Indian breads

I love Indian food. Because I grew up in a small town, I never tried it until I was 18 or 19, when I went to college and joined our Hindu Student's Association--we'd go out for Indian food as a group on our occasional mandir visits, and we'd have it for every event we hosted. My friends in the group introduced me to different kinds of Indian food, and I loved it all. I was already vegan at that point, and it is such a vegan-friendly cuisine--when I lived in London, and later when I went to Ireland, I ate a LOT of Indian food because that was often the best option for me there.

And then, by the time I was 22, I developed my full-blown nightshade allergies, rendering Indian food among my greatest culinary enemies. Indian food that doesn't contain hot peppers, tomatoes, potatoes, eggplant is very hard to find! Especially since most Indian spice mixes involve cayenne or hot pepper of some sort. (Do you know what my FAVORITE Indian dish used to be? Baigan bharta, which is spicy eggplant in tomato sauce. All nightshades!!! I miss it.)

So I can't go out for Indian food anymore. But I can--and do--adapt some of my favorite recipes for myself at home. I make my own curry powder , and I make a lot of chana and chole dishes (because of my love for chickpeas). Many recipes are easy to adapt to nightshade free cooking just by leaving out the hot peppers.

But I miss the breads. Warm, oily breads right from the oven or fryer--those are much harder to replicate at home than curry or rice.

But I live for a challenge! Here are some Indian breads I have made at home!

Naan is the usual bread you get at Indian restaurants; it's a soft, flat, oven-baked bread. Most recipes call for yogurt, so it's rarely vegan. Definitely one advantage to making it at home!
Served here with homemade dal, a tamarind sauce, and fruit. I didn't use a specific recipe for it; I just googled "naan recipe" and read a bunch of the results, then took the amounts and techniques that appeared most often across all the recipes. It took a bit of time to make (since the dough sits over night), but surprisingly little work. I'll definitely make it again!

Bhatura was a bit more of a challenge for me, since it involves deep frying and I'd never had it before, so I didn't know if I'd gotten it right at first. It's a soft, delicious bread, with a slightly crispy outside because it's fried.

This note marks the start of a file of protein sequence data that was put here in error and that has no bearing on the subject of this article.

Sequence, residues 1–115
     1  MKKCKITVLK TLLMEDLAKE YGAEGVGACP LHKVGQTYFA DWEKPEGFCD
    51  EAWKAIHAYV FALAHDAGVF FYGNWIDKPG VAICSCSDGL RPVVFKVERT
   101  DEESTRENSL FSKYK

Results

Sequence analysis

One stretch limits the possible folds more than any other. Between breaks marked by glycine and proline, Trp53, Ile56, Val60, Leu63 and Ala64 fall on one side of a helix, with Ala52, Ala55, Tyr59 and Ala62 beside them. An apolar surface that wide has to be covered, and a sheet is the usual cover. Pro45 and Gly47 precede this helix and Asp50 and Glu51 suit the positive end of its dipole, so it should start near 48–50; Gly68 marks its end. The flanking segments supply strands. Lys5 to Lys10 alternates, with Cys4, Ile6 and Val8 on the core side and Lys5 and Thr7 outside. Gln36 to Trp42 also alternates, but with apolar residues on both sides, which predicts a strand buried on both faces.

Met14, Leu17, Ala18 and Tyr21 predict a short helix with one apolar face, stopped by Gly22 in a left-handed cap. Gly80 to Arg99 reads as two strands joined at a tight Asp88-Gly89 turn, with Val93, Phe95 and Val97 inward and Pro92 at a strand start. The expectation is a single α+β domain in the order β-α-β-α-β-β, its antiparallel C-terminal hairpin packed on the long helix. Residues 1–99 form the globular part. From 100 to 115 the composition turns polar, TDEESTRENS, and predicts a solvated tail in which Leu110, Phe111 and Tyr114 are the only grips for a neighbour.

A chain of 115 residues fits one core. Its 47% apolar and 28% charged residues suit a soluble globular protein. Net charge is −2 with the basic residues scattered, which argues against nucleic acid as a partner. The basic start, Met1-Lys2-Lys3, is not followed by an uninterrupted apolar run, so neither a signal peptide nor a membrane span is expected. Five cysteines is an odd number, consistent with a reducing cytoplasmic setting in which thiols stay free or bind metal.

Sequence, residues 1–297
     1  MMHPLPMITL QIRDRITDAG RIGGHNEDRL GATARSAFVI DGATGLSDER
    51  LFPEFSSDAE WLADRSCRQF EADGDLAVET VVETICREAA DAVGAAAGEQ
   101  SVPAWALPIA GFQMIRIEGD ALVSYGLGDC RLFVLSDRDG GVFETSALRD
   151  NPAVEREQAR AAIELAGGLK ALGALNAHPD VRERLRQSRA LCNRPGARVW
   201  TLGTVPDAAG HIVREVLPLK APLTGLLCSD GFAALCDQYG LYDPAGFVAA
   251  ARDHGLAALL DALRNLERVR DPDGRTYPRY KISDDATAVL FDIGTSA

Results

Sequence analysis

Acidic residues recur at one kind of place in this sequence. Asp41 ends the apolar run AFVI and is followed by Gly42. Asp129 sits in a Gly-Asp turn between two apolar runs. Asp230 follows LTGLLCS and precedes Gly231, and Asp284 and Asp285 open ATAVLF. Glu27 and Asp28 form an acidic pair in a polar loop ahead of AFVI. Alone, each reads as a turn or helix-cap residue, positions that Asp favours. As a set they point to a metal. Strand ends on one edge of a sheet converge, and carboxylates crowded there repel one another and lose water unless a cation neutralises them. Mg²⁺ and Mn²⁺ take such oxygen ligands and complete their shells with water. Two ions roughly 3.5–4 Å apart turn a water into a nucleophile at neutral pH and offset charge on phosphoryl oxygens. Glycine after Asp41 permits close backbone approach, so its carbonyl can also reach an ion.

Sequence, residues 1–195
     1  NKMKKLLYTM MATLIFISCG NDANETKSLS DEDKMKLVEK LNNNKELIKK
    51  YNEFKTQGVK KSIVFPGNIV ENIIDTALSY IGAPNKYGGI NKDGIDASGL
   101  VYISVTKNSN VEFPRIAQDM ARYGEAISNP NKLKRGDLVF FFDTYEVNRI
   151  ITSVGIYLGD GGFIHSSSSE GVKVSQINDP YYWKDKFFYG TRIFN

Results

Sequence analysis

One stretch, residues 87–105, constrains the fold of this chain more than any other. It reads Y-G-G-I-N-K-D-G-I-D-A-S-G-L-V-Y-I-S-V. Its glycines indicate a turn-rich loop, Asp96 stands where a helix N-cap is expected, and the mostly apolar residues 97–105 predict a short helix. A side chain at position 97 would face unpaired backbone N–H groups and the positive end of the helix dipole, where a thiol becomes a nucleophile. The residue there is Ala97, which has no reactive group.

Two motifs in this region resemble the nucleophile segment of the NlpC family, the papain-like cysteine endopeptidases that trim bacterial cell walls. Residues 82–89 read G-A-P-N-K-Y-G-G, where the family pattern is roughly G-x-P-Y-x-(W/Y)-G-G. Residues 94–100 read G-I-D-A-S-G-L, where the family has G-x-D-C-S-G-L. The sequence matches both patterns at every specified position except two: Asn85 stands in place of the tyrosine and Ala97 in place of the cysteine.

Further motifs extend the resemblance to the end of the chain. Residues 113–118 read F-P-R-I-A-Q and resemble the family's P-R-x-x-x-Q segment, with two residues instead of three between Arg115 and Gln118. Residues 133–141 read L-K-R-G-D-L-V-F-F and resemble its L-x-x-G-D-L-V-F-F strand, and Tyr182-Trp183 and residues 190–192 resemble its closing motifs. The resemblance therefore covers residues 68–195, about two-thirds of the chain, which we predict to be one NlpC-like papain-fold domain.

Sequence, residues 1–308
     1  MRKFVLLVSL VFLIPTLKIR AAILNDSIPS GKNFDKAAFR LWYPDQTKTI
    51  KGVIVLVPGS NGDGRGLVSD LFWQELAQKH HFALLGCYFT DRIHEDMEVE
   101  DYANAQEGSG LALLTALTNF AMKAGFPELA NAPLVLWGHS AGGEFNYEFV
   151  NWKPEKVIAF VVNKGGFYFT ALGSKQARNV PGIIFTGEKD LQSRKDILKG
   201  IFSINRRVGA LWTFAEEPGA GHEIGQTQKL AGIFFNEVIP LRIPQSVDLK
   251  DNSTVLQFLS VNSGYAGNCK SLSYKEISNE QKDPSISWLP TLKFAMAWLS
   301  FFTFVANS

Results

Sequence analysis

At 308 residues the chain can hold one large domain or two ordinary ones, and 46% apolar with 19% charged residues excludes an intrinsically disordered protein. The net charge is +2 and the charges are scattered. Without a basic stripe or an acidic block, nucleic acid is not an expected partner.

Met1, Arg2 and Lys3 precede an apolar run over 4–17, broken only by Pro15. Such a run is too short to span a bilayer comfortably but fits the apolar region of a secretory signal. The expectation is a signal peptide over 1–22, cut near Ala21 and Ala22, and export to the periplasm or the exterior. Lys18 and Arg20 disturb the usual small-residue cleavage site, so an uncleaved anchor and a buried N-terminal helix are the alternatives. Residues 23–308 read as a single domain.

I got the recipe from the Cookery Corner blog. I went with all all-purpose flour, and used soy yogurt in place of the regular yogurt. It also takes some time (has to sit for at least 4 hours), but it is such a delicious recipe.
Because I don't like to deep fry (more for reasons of mess than of health), this is a special occasion food, but ohhhh my goodness, it does indeed make an occasion special. This is now my favorite Indian bread.

Next up, Paratha! If you've never had paratha before, it's basically a whole-wheat tortilla with a little more oil. (I think it's the same thing as Roti. I can't tell the difference, anyway, but maybe I am a philistine for thinking this?) It's quite good, and I've made it plain a couple times, but the real reason I'd got through the effort of making paratha is to stuff it! You can stuff it with any number of fillings, and it's always excellent.

For the dough, I use a recipe out of Yamuna Devi's Lord Krishna's Cuisine cookbook. You can find it online on A Cook at Heart's blog. (I used canola oil for the ghee, by the way, and like the blog writer, didn't use a full 1/2 cup in the dough. I think I used 1/3?) I made up my own filling--it's sauteed onions, spinach, and garam masala.
I know this picture is badly lit, but I like that you can see the whole process: the empty-rolled out dough, the bottom layer with the filling on it, my filling pan, a bag of flour, the rolling pin--it tells you everything you need to know! Hee. The next step is to put it in a well-oiled pan over medium heat, then brush oil over the top.
The sides cook pretty quickly; a couple minutes on each side. Then it's ready to eat!

Finally, though Pappadum isn't really a bread, and I didn't actually cook it so much as heat it up, pappadum is one of the other things I miss about Indian restaurants. So crispy and light! And perfect to dip into the sauces they always have at the table (ohhhh do I ever miss that oniony sauce, and the tamarind sauce...).
Pappadum, with an omelet (from Vegan Brunch) and sweet potatoes. These come in a box, and all you have to do is fry them or heat them over an open flame. I think you can microwave them, too, but I don't have a microwave. Though there are many different brands that are all good, I like this brand (Sharwood's), because they're very plain--no suspicious "spices," which, because this is Indian food, inevitably means hot pepper of some sort.

Those of you who aren't nightshade-free can probably get many of these things already at Indian restaurants, but I do have to say that it feels awesome to make them yourself, too. I recommend trying it! (And then you'll feel even more grateful when you order them out, because you'll know how much work went into the awesome food in front of you.)


Anonymous said... Best Blogger Tips

Could you please share some of your favorite dal, channa or chole recipes? What you have pictured looks so good!

Sarah P said... Best Blogger Tips

@Anonymous--Sure, I'll do that sometime soon! In the meantime, I've made a lot of awesome-tasting food from the Lord Krishna's Cuisine cookbook. Definitely check out that book (from the library first if you want to see if you like it) for recipes for all sorts of Indian recipes!